I'm buying a pellet gun.
I'm going to the store this afternoon and I'm going to buy a pellet gun. Last night at about 9pm I was reading a book in the living room when I heard a hen squawking. Hens never make noise after dark unless there is something after them. So I tore outside in my house slippers, armed only with my heavy Mag-Lite flashlight with a fading battery. I made a bunch of noise as I came out of the house to scare off any big stuff (coyotes?) and high-tailed it to the coop. Puff, our ridiculous Silkie hen, was out of the coop and throwing herself against the chicken wire sides of the run. Poking its head out of the coop was a very fat white possum with a pink nose. The seventeen other chickens were still up on their perches above the possum's head. I hit the plywood side of the coop with my flashlight as hard as I could and the possum scampered out, climbed through a hole in the chicken wire, and hustled up a tree. Mr. Chanclas proceeded to throw giant rocks at it in a futile gesture of anger.
|A baby possum we found a couple of years ago|
Because Puff sleeps down on the floor of the coop (Silkies cannot fly at all so they cannot roost) the possum had grabbed her and cut a big gash down her back. I put her in a small self-contained coop/run to recuperate and to protect her from another attack. I closed the doors to the main coop tightly to protect the rest of my flock until morning. (I usually leave the coop doors open so they can go and come as they please. The coop is surrounded by a protected run.)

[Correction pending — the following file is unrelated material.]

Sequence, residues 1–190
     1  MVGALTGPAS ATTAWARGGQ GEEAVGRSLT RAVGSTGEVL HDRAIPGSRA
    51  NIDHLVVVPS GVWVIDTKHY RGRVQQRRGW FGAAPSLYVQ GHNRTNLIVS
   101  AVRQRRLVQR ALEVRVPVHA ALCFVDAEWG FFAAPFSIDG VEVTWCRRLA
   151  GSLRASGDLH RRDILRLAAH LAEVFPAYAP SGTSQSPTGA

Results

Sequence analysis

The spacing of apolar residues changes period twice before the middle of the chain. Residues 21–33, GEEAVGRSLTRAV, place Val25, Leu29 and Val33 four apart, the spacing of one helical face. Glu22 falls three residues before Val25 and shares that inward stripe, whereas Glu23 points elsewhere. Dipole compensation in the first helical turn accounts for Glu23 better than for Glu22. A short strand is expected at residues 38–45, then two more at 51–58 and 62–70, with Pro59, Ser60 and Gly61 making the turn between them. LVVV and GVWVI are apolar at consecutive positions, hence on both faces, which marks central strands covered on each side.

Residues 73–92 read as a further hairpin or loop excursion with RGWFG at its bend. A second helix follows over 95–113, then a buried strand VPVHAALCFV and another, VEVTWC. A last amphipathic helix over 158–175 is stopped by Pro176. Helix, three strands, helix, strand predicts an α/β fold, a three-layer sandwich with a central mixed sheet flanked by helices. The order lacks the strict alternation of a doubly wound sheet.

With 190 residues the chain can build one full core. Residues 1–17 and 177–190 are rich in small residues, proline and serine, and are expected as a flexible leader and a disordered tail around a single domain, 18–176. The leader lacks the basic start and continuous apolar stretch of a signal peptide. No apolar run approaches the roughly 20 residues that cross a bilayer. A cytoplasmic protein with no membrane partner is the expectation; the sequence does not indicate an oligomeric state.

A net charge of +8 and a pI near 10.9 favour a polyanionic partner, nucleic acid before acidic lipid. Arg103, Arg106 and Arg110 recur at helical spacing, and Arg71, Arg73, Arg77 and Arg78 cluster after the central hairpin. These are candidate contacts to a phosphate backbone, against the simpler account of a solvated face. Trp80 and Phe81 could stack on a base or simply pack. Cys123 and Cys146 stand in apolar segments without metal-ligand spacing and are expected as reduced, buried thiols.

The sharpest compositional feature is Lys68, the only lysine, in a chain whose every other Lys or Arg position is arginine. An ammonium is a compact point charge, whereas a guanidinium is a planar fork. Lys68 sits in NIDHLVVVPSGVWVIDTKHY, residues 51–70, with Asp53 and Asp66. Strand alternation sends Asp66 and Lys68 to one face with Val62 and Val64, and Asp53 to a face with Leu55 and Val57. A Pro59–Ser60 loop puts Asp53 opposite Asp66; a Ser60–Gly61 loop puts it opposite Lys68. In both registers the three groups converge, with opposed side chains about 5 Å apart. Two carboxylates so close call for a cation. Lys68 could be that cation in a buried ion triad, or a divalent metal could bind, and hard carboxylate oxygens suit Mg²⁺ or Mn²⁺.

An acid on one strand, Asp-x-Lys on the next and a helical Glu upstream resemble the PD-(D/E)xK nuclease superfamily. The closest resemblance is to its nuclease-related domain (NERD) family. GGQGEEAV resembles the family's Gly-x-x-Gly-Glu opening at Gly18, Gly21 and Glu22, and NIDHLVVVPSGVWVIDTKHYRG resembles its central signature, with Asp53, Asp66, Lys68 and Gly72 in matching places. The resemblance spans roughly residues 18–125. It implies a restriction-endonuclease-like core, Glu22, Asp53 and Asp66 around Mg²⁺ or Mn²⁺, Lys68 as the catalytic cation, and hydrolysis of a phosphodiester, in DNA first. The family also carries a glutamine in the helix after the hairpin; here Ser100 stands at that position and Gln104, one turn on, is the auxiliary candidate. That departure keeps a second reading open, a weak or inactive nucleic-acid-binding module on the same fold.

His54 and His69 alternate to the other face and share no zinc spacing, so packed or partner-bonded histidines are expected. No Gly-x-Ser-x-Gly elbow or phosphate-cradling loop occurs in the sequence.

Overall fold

If I had a pellet gun then I'd have a big, dead possum for the kids to look at today.
I've spent the morning rehabilitating our chicken run to make it more resistant to predators. It's going to take me several days because I'm basically tearing down the old run and replacing it. In the meantime I'll have to move our whole flock to the portable chicken tractors where they will be safe until repairs are made.
In other news, the new chicks are doing great. Their wing feathers are already starting to grow in and they are noticeable larger than they were when they arrived. My improvised brooder has worked out wonderfully. Little Sister is only three years old (nearly four) but she knows how to hold a chick and how to care for them.
This year I found an excellent way to get rid of an old Christmas tree. Let the goats eat it. It took them a week or two but they completely denuded our little pine and now they are nibbling the tips of the branches and the bark. I wonder if it would make their milk taste like Christmas.